The 2013-14 season was a rebuilding year for the Nevada wrestling program as a young Cub program went 5-24 in dual competition on the season.
Nevada was 3-6 against Heart of Iowa Conference foes and picked up non-conference victories over Van Meter and Colfax-Mingo. The Cubs had three freshmen and two sophomores as major contributors at the varsity level; only three seniors wrestled more than 10 matches.
“Wrestling provides the opportunity to compete, both individually and as a team and I thought the individuals that competed did an excellent job,” Nevada head coach Hesston Johnson said. “That’s something our wrestlers can be proud of. Our team record was not indicative of the individual efforts of the wrestlers.”
The Cubs defeated Collins-Maxwell-Baxter by a 48-34 score in their first dual on Dec. 5 at Nevada. They added a 45-27 win over South Hamilton and gave Colfax-Mingo a 57-16 beating on Dec. 12.
On Jan. 28, the Cubs defeated Colfax-Mingo again, this time winning by a 35-25 score. Only one of the two matchups between Nevada and Colfax-Mingo counted as a HOIC dual.
Nevada’s final victory was a 42-21 triumph over Van Meter at the Colfax-Mingo duals on Feb. 1.
In addition to inexperience, Nevada also had trouble filling its upper weight classes. The Cubs had to forfeit frequently at 182, 195, 220 and 285 during the season.
“We were short-handed in the upper weights, so our dual record wasn’t indicative of how our lower and middle-weights performed,” Johnson said.
The three regular senior competitors for the Cubs this season were Evan Rix, Kody Harrelson and Erik Tanner.
“We had good leadership from our seniors,” Johnson said. “We were consistently improving, which is what we look for.”
Rix was the lone Cub to advance to the district round of postseason competition from Nevada.
Rix placed third at the 2A district meet in Webster City after winning his first-ever tournament title with a sectional championship the week before in Story City. Rix finished 36-14 at 113 pounds and totaled 15 pins, six major decisions and four technical falls.
“Evan won 120 matches in his career and was a two-time district qualifier,” Johnson said. “That is an awesome accomplishment. He is a good leader, great competitor and has great character.”
Harrelson wrestled mainly at 160. His finished the season at 24-23 with 14 pins and two victories by major decision.
“Kody put a lot of extra effort into wrestling and it showed on the mat,” Johnson said. “He developed himself into being a really tough match for people and he placed in every tournament this year.”
Tanner competed at 126. He posted a 20-20 record with 13 pins.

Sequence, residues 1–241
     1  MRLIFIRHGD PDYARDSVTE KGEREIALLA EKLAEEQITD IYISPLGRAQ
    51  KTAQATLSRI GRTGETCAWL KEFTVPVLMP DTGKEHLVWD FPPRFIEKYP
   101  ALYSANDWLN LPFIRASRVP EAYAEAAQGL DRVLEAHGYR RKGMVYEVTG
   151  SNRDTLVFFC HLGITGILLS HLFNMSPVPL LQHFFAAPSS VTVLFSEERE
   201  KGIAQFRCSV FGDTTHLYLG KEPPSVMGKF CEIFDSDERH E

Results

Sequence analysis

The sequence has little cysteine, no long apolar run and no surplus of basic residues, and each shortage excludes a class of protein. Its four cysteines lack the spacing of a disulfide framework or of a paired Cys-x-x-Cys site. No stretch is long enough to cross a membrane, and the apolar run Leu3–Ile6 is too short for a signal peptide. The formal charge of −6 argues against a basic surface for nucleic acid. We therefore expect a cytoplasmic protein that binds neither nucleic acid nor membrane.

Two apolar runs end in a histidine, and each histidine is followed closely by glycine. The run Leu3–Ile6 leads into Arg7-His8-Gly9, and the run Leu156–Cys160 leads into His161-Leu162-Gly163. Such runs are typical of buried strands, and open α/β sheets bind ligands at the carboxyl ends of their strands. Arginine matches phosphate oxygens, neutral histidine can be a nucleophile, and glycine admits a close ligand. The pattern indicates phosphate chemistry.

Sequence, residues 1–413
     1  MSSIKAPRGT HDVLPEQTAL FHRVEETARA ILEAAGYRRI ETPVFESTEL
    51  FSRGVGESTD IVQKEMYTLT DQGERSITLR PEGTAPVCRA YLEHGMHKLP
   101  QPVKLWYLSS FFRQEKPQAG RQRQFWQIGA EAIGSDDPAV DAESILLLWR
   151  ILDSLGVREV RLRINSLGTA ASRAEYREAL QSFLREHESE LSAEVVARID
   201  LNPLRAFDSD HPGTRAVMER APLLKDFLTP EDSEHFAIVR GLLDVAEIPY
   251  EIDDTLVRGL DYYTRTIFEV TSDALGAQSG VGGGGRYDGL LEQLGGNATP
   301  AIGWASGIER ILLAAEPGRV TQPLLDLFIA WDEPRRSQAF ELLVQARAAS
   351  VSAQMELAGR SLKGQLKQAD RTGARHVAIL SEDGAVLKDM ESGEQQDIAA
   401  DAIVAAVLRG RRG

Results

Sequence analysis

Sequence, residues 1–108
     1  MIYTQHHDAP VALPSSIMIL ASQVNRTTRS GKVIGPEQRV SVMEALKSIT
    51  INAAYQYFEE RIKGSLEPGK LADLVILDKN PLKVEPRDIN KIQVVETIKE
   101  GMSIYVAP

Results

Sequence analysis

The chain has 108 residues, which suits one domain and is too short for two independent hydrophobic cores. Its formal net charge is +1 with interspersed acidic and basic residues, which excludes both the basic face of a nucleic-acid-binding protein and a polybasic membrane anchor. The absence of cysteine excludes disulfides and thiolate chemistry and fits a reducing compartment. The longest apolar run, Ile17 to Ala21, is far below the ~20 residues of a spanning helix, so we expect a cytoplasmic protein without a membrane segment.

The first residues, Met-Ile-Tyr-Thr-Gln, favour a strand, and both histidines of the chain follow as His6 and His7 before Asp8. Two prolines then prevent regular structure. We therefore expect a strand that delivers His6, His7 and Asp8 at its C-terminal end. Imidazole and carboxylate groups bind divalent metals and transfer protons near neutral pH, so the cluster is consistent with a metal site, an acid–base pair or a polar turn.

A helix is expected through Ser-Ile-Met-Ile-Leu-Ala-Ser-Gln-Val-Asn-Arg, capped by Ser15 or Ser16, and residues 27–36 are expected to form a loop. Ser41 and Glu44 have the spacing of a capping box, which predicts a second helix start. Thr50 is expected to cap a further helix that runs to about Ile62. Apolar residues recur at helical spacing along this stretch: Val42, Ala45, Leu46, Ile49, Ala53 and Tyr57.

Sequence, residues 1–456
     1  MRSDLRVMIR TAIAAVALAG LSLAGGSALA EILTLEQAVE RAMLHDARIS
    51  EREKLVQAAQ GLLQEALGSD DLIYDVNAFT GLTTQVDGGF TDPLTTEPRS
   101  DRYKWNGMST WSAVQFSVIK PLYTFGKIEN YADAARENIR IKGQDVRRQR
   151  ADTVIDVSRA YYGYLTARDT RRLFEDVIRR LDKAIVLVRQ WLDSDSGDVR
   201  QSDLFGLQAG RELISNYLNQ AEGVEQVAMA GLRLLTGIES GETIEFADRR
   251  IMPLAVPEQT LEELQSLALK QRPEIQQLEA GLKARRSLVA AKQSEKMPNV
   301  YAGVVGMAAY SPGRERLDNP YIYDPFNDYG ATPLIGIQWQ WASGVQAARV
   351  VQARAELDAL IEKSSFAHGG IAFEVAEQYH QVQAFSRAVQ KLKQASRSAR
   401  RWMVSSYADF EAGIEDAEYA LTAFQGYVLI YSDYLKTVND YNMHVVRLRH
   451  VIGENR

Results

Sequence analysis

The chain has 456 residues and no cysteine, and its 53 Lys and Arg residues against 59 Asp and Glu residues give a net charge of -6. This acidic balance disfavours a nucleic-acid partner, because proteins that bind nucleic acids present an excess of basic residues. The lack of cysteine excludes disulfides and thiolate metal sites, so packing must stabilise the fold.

“Erik is an extremely hard worker,” Johnson said. “He led through example and has great character. He developed himself into a really tough wrestler.”
Junior Traye Pelzer was the top underclassman for Nevada. He went 24-19 at 145 with five pins, one technical fall and one major decision.
“Obviously Traye has shown over the last couple of years that he is going to be right there with the best of them,” Johnson said. “This year he showed he is going to win a lot of those tough matches. He will be looked upon for leadership next year.”
Sophomore Peyton Sharp, freshman Wayne Beard and senior Mark Trullinger also picked up double-figure win totals for Nevada on the season.
Sharp competed at 138. He went 16-27 with 13 pins and one major decision.
Beard finished 13-28 at 106. He compiled six pins, one technical fall and one major decision.
Trullinger finished 13-13 at 285. Trullinger was injured for a good portion of the year – missing out on the postseason – and he wound up with six pins.
Trice Logsdon (9-16 at 170/182), Calvin Schneider (seven wins at 132), Cody Weier (five wins at 152), Alex Peebles (five wins at 170), Lucas Schneider (three wins at 152) and James Cheek (six wins at 106) rounded out the regular varsity competitors for Nevada.
Next season the Cubs have a good shot at becoming a stronger team. It will be hard to replace the seniors, but with the majority of the varsity talent back and a good-sized eighth-grade class coming up, Johnson sees a chance for improvement in 2014-15.
“It is an interesting time right now,” Johnson said. “We have some seasoned wrestlers on the verge of being really good and some young wrestlers with a season of experience. Now that we know what it takes to compete at a high level, can we make the adjustments necessary to take the next step forward? I think the wrestling team can do well next year. I think the pieces are in place for a group of hungry freshmen to compete for the varsity spots as well. We lose three really good seniors, but have 8-10 freshmen looking to replace those guys. There will be competition in the room.”